cloudyrainbowAfter my beloved cat Floppy died, I self-published a novel, Cloudy Rainbow, and made him a character in it. My daughter was young at this time, and I stopped writing for some years following the publication of Cloudy Rainbow, but I started back up again after taking some Gale Online Writing and Publishing Courses that my library offers free to library card holders. I began submitting articles and stories to various publications and was published in my local paper and Catster.com, an online cat magazine.

stonesthrowamazonIt was at this time, that I also began writing my mystery, A Stone’s Throw, that was published in November 2015 by Limitless Publishing after their managing editor liked my tweet on a twitter event called Pit2Pub and the publisher offered me a contract after reviewing my manuscript. I had found out about this event as I became further involved in social media to help promote my work. Here is a link to my interview with Kristin Kristin D. Van Risseghem, the organizer of this event. http://bit.ly/1Yxazt8

Once I became traditionally published, I learned much more about the publishing business. The amount of time and effort that authors put into marketing and promoting their books was an eye-opener. By networking and interacting online with other authors, I discovered what happened after your book is published. I found out about book blogs, blog tours, Facebook and Twitter parties and events, newsletters, mailing lists, book talks, author signings and conferences, and much  more. It was overwhelming at first, and I’m still finding it hard to balance the time between writing, marketing, and working a full-time job as well as spending time with my family.

Currently, I am working on the sequel (possible 2nd in the Cobble Cove Mysteries) series and am very close to announcing some great news about it. I also have a completed manuscript for a psychological thriller that I’m hoping to submit to an agent for a chance at having my work considered with a larger publisher.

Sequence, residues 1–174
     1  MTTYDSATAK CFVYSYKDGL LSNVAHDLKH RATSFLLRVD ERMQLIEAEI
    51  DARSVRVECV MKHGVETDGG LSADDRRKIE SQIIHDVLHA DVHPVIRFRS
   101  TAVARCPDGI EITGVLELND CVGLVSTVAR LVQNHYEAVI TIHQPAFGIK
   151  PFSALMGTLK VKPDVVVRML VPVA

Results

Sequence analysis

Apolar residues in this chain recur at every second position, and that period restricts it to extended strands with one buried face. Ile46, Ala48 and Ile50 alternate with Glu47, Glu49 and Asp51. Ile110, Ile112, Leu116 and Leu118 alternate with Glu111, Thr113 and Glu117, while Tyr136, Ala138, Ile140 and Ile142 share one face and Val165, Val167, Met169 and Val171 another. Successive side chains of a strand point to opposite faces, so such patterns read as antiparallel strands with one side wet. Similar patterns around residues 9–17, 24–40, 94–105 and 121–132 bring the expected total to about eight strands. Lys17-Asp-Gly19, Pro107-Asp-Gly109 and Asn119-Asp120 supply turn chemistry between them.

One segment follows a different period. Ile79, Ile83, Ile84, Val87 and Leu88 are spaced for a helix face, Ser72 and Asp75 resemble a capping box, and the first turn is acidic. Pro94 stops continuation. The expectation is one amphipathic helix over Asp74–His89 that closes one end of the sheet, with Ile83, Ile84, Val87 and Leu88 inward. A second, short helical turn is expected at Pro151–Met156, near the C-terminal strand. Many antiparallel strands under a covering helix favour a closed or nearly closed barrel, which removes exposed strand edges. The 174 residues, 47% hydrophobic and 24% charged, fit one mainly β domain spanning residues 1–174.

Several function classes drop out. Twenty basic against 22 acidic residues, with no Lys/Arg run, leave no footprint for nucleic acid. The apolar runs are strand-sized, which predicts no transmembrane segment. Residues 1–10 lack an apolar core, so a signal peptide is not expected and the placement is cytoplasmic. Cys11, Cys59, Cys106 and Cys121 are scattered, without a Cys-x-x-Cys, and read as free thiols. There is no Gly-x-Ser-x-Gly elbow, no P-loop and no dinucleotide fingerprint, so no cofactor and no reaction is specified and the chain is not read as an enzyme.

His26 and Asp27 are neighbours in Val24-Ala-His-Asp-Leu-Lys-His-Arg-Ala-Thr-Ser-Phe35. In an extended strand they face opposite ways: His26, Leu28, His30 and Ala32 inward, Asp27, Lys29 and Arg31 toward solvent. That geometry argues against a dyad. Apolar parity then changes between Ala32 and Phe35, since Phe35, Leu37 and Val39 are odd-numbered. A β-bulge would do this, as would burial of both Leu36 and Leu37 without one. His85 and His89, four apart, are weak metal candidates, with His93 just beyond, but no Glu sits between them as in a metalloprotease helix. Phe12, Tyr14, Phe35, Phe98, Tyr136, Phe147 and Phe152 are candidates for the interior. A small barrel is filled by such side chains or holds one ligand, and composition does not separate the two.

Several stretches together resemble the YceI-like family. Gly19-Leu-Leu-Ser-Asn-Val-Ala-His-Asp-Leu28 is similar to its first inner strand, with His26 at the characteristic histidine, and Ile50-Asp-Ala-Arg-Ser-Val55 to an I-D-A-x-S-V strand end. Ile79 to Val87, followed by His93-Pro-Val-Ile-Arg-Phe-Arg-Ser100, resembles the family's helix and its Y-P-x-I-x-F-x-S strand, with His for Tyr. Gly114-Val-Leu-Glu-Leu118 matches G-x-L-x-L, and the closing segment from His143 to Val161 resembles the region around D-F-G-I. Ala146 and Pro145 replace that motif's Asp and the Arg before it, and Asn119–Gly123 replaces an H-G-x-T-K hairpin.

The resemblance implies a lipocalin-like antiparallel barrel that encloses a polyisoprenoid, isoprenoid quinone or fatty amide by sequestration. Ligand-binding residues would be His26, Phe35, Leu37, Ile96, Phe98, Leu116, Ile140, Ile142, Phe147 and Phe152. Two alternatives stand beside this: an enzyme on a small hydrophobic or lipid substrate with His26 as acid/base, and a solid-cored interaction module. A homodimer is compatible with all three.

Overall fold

Below are some interviews and articles about me that include further details about my publishing journey. I have also included my social media links and website where you can sign up for my author newsletter that features a monthly contest and updates on my writing and books.

Interview for Lifestyle & Literature Blog

Interview for Jane Hunt Writer Blog

The Braille Club Interview

Interview with Natalina Reis on her blog, Never Too Late

Local Author Releases Second Novel

Facebook: https://www.facebook.com/debbie.delouise.author/

Twitter: https://twitter.com/Deblibrarian

Goodreads: https://www.goodreads.com/author/show/2750133.Debbie_De_Louise

Amazon Author Page: http://www.amazon.com/Debbie-De-Louise/e/B0144ZGXPW/

Website/Blog/Newsletter Sign-Up: https://debbiedelouise.com

 

 

Posted in A Stone's Throw, Books, Cloudy Rainbow, Romantic Suspense

Contract Signed!

contractimageYesterday, after around thirty emails and several document revisions,  I signed a contract with Limitless Publishing for my romantic suspense novel, “A Stone’s Throw.” Now the fun part starts. I received some welcome emails and was invited into their elite Facebook group. I was asked to complete some forms, financial ones for royalty deposits and taxes, as well as a cover questionnaire to help their graphic artist design my book cover. They also requested my bio, photo, and social networking list along with a short description of the book and a character-oriented 1-2 page synopsis to assist in creating the inside and back cover details.

Even though I’d previously self-published a novel, “Cloudy Rainbow,” I had forgotten how much work went into preparing the book for publishing. I guess that’s what it’s like when women forget the pain of labor, and writing and publishing a book is definitely like pregnancy. You have your highs and lows and, at points, wonder if it was worth it. But, afterwards looking at your adorable baby or your beautiful book cover, you know you would do it all again in a heartbeat.

What advice would I give those still trying to get into print – don’t stop writing. I made the mistake of doing that after my self-published book. My daughter was young, and I just couldn’t find the time. And, then, after a few years of one particular library patron’s prodding, I started again. That’s all it takes, one person’s gentle push. Not only did I finish writing “A Stone’s Throw,” but I started another that I am currently about a quarter of the way through. I have also written several short stories that I’ve been sending out for possible publication. I may compile them into a book one day. But one step at a time. I’m eager to see “A Stone’s Through” in virtual (eBook) and real print. I’m hoping readers like reading it as much as I enjoyed writing it.

I may include some pre-launch book excerpts on this blog and on my Author’s Facebook page. Thanks for sharing the journey with me.